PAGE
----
Alien Invaders

British nature is changing. Some creatures that are at the forefront of traditional postcard-pictures are vanishing from sight, while other brand new species are making their homes within our shores. Some of these invaders have the potential to change entire ecosystems, and their appearance is far from welcome. However, these creatures are fast becoming the norm; an accepted, even loved part of our heritage.

Just how exactly do you successfully separate public care and affection between those species in need, and those potentially devastating new inhabitants? To many people, exterminating a species is something that goes against all our usual morals, and in the eyes of many, killing an animal, regardless of where it has come from is cruel, heartless and cold.

Yet the removal of these creatures in entirely necessary to preserve and protect our fundamental species. This battle is one commonly mentioned in the Grey Squirrel, an invader whose presence has all but eliminated the native Red, from many areas. A squirrel is a fundamentally emotive, engaging creature, regardless of its colour. By law, it is illegal to release a caught Grey Squirrel, its termination a legal requirement. This is easier said than done however, I doubt the majority of the public would be able to turn a blind eye. This battle is repeated across the UK, with similar battles being witness in everything from mussels, to crayfish, insects and birds. 32,000 rose-ringed parakeets are now believed to inhibit the Kingston area of London. These characters have become something of local celebrities, and much like a good curry or the phrases that make up some of most used language-a stranger being incorporated within our own society. These birds though are infamous for their total devouring of the fruits and berries that our own native creatures depend on, outcompeting some of our most loved species and threatening their existence.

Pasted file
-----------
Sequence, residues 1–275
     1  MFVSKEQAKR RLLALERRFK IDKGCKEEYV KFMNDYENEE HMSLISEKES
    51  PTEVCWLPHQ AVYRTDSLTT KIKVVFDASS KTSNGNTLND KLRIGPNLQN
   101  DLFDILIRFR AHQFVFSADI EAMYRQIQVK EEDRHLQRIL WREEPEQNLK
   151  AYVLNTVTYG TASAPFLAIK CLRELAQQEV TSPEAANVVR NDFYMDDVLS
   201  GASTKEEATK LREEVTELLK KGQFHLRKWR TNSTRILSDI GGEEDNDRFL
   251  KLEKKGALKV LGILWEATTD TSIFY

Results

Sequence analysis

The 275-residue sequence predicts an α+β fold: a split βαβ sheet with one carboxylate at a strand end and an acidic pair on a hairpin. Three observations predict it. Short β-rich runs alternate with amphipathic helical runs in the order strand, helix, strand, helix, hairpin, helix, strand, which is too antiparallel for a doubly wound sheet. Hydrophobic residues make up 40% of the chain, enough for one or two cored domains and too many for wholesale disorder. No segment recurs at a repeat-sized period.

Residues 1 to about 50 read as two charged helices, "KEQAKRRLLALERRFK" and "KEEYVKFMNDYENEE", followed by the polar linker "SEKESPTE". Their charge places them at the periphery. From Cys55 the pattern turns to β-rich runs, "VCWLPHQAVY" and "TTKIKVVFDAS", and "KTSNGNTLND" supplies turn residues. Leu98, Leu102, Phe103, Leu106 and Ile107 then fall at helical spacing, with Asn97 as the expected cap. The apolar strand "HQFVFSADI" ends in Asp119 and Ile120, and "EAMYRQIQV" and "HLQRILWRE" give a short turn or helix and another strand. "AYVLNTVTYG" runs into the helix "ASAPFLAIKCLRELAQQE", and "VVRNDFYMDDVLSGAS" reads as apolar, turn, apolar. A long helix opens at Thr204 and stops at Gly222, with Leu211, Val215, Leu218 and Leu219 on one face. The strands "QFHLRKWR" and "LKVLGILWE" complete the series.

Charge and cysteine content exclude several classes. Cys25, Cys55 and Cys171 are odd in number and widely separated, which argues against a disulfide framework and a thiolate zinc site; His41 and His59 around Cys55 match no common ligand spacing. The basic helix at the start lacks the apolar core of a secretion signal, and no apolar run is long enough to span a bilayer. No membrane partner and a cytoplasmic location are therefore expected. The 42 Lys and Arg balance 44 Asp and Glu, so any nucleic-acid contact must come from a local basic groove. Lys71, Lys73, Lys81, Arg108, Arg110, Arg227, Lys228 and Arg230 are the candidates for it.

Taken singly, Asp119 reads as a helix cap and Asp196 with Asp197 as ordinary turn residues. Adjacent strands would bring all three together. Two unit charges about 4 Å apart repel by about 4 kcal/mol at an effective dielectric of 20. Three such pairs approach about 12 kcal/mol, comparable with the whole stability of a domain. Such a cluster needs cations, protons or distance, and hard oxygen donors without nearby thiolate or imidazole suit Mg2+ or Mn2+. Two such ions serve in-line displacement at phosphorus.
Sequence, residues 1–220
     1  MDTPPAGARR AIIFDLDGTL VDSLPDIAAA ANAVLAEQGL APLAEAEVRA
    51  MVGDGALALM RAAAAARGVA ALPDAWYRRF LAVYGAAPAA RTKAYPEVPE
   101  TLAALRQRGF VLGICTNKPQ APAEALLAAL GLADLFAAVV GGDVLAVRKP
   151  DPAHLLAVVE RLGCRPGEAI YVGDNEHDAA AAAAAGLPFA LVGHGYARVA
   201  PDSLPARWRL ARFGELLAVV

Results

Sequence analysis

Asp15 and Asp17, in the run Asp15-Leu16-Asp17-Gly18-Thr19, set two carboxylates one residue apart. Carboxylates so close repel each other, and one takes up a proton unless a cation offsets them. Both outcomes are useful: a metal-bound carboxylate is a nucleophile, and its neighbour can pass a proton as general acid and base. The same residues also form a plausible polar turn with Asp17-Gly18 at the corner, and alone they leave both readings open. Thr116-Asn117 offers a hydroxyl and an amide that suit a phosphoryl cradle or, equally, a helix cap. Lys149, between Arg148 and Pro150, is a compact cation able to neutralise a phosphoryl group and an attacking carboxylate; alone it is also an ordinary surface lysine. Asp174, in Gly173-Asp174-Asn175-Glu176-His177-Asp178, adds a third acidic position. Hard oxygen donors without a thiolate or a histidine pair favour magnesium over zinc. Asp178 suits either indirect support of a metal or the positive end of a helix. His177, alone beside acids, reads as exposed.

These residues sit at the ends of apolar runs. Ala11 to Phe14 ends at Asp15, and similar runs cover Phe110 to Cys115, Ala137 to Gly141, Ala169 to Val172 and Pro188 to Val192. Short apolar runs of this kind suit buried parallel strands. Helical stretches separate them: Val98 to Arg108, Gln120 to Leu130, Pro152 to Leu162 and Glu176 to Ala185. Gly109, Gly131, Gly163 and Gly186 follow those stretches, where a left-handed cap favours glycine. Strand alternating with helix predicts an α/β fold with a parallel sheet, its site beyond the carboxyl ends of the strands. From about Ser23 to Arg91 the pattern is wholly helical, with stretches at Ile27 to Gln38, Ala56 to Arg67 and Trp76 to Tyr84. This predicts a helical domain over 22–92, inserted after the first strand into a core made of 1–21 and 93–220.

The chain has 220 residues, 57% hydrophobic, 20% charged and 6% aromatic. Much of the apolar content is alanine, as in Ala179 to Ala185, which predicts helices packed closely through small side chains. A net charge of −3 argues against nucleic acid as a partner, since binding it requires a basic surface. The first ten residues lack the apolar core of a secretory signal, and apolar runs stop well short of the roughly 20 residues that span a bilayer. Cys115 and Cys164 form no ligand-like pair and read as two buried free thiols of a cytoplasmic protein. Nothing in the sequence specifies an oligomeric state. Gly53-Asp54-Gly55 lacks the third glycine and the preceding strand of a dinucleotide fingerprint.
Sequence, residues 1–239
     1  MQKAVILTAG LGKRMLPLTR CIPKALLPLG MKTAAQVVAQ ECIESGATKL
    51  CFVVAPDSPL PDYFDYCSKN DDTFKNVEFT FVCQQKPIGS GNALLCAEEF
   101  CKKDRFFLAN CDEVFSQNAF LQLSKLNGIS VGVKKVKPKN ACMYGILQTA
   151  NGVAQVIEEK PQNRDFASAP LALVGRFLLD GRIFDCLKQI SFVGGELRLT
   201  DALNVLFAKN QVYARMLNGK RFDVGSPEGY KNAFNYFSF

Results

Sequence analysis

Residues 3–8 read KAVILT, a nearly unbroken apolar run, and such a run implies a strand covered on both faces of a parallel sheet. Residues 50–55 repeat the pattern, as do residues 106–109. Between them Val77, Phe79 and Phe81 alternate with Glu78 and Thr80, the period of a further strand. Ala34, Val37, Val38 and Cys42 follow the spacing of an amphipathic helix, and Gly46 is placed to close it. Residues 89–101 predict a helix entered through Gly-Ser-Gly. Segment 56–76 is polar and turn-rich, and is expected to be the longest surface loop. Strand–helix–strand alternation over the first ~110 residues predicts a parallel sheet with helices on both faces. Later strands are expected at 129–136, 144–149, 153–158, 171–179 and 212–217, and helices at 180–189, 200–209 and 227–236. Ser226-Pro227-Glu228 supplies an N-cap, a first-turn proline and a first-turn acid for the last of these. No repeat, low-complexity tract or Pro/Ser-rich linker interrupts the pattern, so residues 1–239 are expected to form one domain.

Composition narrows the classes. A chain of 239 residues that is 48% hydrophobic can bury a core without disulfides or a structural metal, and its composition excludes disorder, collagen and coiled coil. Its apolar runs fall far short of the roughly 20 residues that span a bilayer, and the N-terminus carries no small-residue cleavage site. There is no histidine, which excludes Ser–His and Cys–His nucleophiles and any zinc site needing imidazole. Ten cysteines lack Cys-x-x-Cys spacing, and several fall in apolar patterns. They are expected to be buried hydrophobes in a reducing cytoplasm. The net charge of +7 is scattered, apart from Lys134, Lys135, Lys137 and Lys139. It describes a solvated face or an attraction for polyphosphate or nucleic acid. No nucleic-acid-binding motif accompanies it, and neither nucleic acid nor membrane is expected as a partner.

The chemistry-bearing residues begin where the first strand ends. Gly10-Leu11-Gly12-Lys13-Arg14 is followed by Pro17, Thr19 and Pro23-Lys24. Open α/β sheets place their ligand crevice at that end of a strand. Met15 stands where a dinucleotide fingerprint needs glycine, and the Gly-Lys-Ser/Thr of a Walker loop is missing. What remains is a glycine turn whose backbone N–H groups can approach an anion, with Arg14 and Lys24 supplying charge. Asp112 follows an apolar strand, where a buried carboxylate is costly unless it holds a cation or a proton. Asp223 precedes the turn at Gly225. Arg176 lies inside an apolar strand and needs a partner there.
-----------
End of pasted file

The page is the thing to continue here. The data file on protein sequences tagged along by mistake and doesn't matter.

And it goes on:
There is no doubt that removing these alien species is crucial in order to protect and preserve our traditional British Wildlife. This challenge is, however, multifaceted, ever-changing and highly dynamic, and one that involves highly emotive opinions on both sides. Like many such battles, perseverance over public perception looks to be one of the biggest wars to overcome.

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Katie Appleby


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